Photo Of The Day – Arizona Desert

arizona desert

The Arizona desert seduces. When I was a kid, my grandparents collected a magazine called Arizona Highways, which featured honest-to-God, awe-inspiring vistas of the Grand Canyon State. (As you can see from the link, the periodical still exists.) I wouldn’t get to Arizona until I was 25, barreling down 93 from Las Vegas and crossing into New Mexico quickly. Those highways didn’t look like the highways of Arizona Highways. It would take a few additional visits before I got to see the intense beauty that filled the pages of my grandparents’ back copies.

Flickr user Styggiti captured this curious geological object on a hiking trail in Camp Creek Falls, Arizona.

Upload your favorite images to the Gadling Group Pool on Flickr. We choose our favorites from the bunch as Photos of the Day.

Barbed Wire Museums Take On A Prickly Subject

barbed wire
I’ve always loved museums on obscure subjects because they teach you how overlooked objects can have a big influence. Barbed wire is one of those objects.

While various inventors started experimenting with barbed wire in the 1850s, the founder of barbed wire is generally considered to be Joseph Glidden, whose 1873 design soon stretched across the American West. Before then, it was nearly impossible to enclose the vast rangelands of the West. There were constant fights over whose animals were on whose land. With the advent of barbed wire, land became enclosed, and the fights turned to passage rights and boundary disputes.

It’s often said barbed wire tamed the Old West, and while that’s true it also led to its demise. The West became more organized; freedom of movement suffered, and bigger and bigger ranches began to enclose huge swaths of land. Barbed wire was a boon to some and a curse to others. Many called it “the Devil’s rope” or “the Devil’s hatband.”

There are three major museums devoted to this humble but important invention. The Joseph F. Glidden Homestead & Historical Center in DeKalb, Illinois, is devoted to the inventor of barbed wire and his carefully restored home, barn and blacksmith shop. The museum has a blacksmith who gives live demonstrations of his traditional craft including, of course, wire making.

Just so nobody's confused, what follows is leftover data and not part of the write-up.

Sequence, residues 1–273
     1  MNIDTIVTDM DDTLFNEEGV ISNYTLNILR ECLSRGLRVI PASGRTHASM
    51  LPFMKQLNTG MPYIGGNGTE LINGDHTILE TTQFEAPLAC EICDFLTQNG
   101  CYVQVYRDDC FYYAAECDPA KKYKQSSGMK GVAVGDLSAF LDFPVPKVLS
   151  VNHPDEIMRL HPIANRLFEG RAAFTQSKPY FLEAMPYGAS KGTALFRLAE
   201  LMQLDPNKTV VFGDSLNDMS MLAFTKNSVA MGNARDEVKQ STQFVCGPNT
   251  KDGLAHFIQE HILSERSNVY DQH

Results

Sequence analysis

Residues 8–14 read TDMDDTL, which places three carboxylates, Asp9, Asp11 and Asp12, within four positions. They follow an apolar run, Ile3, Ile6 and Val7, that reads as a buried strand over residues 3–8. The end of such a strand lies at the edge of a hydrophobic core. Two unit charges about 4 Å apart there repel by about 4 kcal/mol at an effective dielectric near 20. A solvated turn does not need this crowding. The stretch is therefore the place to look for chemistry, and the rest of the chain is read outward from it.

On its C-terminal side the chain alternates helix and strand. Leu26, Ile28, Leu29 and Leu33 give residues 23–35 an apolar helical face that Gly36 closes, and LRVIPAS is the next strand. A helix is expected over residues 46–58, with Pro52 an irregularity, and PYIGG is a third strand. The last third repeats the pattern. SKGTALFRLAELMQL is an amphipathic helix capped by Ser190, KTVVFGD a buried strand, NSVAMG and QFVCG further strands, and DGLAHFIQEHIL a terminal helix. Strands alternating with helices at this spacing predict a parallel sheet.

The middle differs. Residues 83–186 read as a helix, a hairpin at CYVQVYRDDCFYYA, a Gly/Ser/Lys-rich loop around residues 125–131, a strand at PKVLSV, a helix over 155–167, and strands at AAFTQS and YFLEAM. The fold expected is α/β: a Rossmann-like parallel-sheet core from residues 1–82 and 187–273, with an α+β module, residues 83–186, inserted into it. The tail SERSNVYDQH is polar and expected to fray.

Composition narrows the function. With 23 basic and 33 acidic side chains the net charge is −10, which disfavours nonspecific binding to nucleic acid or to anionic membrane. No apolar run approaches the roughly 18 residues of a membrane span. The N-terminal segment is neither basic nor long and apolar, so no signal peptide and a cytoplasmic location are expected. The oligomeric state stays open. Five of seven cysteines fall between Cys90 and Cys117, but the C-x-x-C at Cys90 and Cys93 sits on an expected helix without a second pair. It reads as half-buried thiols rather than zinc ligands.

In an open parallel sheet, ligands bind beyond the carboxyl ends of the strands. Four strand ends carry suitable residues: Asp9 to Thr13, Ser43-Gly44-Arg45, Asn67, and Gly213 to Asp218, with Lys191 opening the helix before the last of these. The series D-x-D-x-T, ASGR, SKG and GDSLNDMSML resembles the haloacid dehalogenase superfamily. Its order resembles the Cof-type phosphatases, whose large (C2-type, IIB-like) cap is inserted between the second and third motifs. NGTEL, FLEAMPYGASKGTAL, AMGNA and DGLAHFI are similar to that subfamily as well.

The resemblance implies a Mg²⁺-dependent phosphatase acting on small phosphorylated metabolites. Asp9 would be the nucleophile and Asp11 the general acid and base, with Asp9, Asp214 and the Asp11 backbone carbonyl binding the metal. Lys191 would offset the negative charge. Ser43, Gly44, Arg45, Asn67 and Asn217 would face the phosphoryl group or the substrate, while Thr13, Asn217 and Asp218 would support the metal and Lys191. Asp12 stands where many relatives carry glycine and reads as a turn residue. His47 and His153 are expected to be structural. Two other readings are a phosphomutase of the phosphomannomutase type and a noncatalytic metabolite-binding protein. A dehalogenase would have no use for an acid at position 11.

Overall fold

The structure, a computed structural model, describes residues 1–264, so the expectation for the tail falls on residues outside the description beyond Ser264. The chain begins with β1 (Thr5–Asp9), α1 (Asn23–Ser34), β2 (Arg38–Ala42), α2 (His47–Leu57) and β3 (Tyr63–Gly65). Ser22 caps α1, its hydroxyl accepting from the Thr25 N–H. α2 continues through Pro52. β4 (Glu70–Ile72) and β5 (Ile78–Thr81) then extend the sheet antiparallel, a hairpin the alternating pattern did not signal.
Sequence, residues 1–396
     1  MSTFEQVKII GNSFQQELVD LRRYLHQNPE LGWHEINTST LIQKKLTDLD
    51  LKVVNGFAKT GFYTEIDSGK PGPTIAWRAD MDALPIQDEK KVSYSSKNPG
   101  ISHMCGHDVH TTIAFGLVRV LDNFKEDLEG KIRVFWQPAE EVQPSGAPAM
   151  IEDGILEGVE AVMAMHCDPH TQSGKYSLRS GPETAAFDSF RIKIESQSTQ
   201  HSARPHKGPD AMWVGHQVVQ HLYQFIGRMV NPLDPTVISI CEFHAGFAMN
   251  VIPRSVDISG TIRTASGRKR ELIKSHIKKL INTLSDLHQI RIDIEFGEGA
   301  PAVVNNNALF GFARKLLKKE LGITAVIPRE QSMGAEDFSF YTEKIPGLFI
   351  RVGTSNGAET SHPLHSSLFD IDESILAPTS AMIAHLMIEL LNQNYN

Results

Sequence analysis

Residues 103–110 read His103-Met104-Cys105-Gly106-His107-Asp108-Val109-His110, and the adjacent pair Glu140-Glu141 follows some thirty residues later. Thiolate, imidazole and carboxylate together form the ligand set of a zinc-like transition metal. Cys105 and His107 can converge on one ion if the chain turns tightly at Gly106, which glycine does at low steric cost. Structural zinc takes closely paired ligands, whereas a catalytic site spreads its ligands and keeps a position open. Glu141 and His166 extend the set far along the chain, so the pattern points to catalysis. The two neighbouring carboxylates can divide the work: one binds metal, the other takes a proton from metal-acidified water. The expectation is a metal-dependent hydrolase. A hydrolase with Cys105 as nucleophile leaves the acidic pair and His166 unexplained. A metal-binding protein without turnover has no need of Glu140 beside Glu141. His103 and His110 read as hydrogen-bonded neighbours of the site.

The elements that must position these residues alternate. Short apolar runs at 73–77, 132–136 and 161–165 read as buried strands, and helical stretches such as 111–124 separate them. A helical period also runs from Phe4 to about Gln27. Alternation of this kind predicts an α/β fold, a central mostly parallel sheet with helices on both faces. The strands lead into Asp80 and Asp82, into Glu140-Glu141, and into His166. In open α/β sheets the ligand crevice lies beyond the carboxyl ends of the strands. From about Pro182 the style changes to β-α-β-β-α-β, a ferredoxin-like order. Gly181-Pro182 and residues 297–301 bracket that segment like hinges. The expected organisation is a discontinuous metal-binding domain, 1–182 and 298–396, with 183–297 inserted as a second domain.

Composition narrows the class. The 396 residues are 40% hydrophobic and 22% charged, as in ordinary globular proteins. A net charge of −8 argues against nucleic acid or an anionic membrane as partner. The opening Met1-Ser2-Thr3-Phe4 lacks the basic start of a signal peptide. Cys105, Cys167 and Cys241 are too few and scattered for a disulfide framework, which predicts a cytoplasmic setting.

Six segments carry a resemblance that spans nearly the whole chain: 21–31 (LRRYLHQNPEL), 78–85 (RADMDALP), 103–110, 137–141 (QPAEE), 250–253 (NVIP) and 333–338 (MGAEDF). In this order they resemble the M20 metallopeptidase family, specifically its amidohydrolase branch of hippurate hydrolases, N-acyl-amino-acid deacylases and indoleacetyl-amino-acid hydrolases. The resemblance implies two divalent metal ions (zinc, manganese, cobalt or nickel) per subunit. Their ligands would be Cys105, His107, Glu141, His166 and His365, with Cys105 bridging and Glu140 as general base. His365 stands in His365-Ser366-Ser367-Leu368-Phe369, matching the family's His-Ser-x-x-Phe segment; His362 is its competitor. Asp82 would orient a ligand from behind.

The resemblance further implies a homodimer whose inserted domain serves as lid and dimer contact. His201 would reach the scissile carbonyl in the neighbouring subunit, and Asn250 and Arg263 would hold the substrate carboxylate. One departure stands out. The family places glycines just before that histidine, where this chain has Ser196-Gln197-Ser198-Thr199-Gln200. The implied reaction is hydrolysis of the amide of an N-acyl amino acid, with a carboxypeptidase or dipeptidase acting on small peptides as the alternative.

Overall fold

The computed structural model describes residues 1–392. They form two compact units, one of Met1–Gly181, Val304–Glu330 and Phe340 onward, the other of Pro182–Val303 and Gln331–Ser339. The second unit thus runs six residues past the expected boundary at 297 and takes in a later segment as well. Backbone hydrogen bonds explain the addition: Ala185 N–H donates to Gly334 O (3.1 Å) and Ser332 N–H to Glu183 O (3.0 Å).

%Gallery-155001%The Devil’s Rope Museum on Route 66 in McLean, Texas, has a huge collection of barbed wire. The original design inspired countless variants and supposed improvements. Also, thefts of barbed wire led manufacturers to design specific wires for large companies and ranches. Hundreds of these variants are on display, as well as art created from barbed wire and a room devoted to the history of Route 66.

Over in LaCrosse, Kansas, there’s the Kansas Barbed Wire Museum, which has more than 2,000 varieties of wire as well as wire-making tools and displays of barbed wire being used in peace and at war. It’s the headquarters of the Antique Barbed Wire Society, one of several societies of collectors and historians. Yes, there are collectors for everything, and with so many variants of wire and so much history for each one, the hobby has attracted some devoted followers.

Lots of historical societies and pioneer museums have small displays of barbed wire, so the next time you pass one on the highway, stop by and check it out. Just remember: look, but don’t touch!

[Image courtesy Coyote Grafix via flickr]

Hit the Open Road

Open RoadDoug McConnell is an expert on exploring the back roads of the American West. Now, he wants to help you — and have you help him — search for adventure in the region. To that end, McConnell recently launched OpenRoad.TV, a traveler’s guide to the American West.

To begin, McConnell pre-loaded the site with much of the video, photos, and insights that he’s compiled over the past 14 years of producing and hosting Bay Area Backroads. Now, it’s your turn to add your own stories, photographs, and videos — like Tina Martinez’s descriptive Moab Motorcycle Touring or Bill Buchanan’s adventurous Dances With Orcas.

In short, the site aims to be a comprehensive resource for people who want to explore, share, and celebrate the American West. Personally, since I couldn’t live much further from that part of the country and still be IN the country, I really enjoyed my virtual tour through the area.

Now I just need to get out there, shoot some video of my own, and add it to the site. Maybe this summer I can hit the open road.